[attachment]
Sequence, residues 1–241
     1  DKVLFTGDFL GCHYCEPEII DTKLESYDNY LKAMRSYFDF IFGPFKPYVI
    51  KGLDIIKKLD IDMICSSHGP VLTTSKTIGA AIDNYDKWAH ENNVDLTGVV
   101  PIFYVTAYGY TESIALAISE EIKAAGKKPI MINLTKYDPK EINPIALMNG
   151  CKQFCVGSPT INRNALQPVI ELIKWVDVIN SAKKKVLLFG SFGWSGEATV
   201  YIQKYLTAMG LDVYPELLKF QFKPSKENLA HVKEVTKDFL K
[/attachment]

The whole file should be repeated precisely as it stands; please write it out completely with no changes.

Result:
Sequence, residues 1–241
     1  DKVLFTGDFL GCHYCEPEII DTKLESYDNY LKAMRSYFDF IFGPFKPYVI
    51  KGLDIIKKLD IDMICSSHGP VLTTSKTIGA AIDNYDKWAH ENNVDLTGVV
   101  PIFYVTAYGY TESIALAISE EIKAAGKKPI MINLTKYDPK EINPIALMNG
   151  CKQFCVGSPT INRNALQPVI ELIKWVDVIN SAKKKVLLFG SFGWSGEATV
   201  YIQKYLTAMG LDVYPELLKF QFKPSKENLA HVKEVTKDFL K